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EDITOR’S COLUMN | Let’s give struggling clubs the ‘York’ treatment

Sean Hayes praises the success of York City Knights after they pushed Catalans Dragons all the way in the Challenge Cup, and supports the continuation of League 1 beyond the 2018 season.

What is the secret to York City Knight’s success? Is it their head coach, James Ford? Is it the playing group they have put together? Is it there incredible work on social media and in marketing their product? It is a culmination of all of those things, plus more.

On Sunday, the League One outfit became an adopted team for 25,000 people as they watched the BBC’s live stream of York pushing Catalans Dragons all the way in the Challenge Cup.

Over 3,000 packed Bootham Crescent, more than double the attendance at the Select Security Stadium for Widnes Vikings’ tie with Coventry Bears. It was also a bigger gate than at the AJ Bell Stadium, as Salford Red Devils defeated Wakefield Trinity in a Super League fixture.

Over 3,000 people packed out Bootham Crescent to cheer on the heroic York City Knights.

Over 3,000 people packed out Bootham Crescent to cheer on the heroic York City Knights. Photo credit: Craig Hawkhead.

It fell just short of their record attendance, as 4,221 supporters watched their dramatic opening day loss to Bradford Bulls, however the travelling supporters had some bearing on that figure too. With that in mind, Sunday’s attendance of 3,081 is infinitely more impressive as Catalans fans were few and far between on this occasion. Those figures show just what a brilliant job the Knights are doing on and off the field.

They were so close to a fairy tale triumph over their hugely favoured opponents, however it wasn’t to be as the French outfit did just enough to pull away in the final stages of the tie.

Despite the result, the men in black and yellow left the field with their heads held high, and they demonstrated just why the third tier should remain beyond the 2018 season.

They showed heart, courage, soul and passion in abundance – all things which the Dragons’ supposedly superstar squad are void of at this moment in time. It was the perfect vindication that League 1 isn’t dead and buried, and that any plan to de-register the division is nothing short of ridiculous.

York City Knights celebrate a try against Catalans Dragons

York City Knights celebrate a try against Catalans Dragons. Photo credit: Craig Hawkhead

It also begged the question, why are the RFL not helping clubs at the bottom of the pile to become as successful as York? Instead, they are set on expanding our game across the Atlantic, with a New York based club set to join Toronto Wolfpack in competing on our shores.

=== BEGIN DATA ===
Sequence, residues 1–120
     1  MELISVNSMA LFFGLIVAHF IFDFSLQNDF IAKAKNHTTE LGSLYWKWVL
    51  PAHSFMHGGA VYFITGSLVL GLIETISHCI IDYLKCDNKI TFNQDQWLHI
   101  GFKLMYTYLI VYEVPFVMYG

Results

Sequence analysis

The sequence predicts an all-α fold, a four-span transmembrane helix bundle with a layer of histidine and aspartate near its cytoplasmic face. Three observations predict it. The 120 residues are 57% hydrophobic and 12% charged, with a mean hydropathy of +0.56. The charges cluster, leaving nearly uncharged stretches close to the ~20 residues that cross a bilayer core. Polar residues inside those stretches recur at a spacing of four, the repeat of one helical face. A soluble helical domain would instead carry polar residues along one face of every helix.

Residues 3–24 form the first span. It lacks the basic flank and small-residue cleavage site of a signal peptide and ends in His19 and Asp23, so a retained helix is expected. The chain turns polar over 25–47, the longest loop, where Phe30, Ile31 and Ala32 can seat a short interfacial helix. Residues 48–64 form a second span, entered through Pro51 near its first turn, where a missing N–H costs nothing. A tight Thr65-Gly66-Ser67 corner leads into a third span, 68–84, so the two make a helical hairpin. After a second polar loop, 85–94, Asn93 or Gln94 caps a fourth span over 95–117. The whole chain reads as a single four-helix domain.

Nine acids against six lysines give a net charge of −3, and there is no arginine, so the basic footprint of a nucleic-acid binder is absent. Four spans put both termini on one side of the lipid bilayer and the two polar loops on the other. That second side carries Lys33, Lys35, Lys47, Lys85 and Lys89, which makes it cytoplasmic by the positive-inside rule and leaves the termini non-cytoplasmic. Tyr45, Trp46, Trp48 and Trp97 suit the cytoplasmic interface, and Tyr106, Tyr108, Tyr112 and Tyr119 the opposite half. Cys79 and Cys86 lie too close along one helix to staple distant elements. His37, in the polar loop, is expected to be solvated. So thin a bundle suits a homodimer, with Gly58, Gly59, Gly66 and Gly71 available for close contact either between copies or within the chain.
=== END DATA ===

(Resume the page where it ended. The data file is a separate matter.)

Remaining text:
There are plenty of sleeping giants out there, rugby league towns and cities desperate for direction, and in most cases, funding. With no word on the future of the competition still to be delivered, it is tough for clubs to plan past the current season. No investor will be willing to plough money into a League 1 outfit now, as the fear of that same team ultimately becoming an amateur operation looms.

We need certainty and clarity on what the future holds, and we need to see club at all levels taken care of, no matter what their state of affairs is.

League 1 is the strongest it has ever been, with Bradford rebuilding, Doncaster leading the way and Workington Town, Whitehaven and Keighley Cougars competing for promotion.

Carl Forster’s ‘Haven dispatched a Championship outfit for the second time this season with an emphatic 38-0 triumph over Rochdale Hornets on Sunday – more proof that the division should remain.

Outside of the top five, Newcastle Thunder have grown massively under their new identity, and Hunslet Hawks and Oldham are still big names in the sport.

York have bounced back from the brink of extinction and deserve every bit of success that comes their way for all of the hard work and faith they have put into the club. And while it is easy to suggest that other clubs just need to simply replicate the Knights, shrinking budgets and stretched resources mean that many clubs are in desperate need of support.

Whether that support is given is another matter though, as for now clubs at the bottom of the Championship and throughout League 1 will have to do it themselves.

My name is Sean Hayes. I am from Widnes, England. I am currently studying journalism at Salford University. Aspiring sports journalist and rugby league fanatic whether it is watching, playing or writing about the greatest game! Follow me on twitter @SHayesNBL

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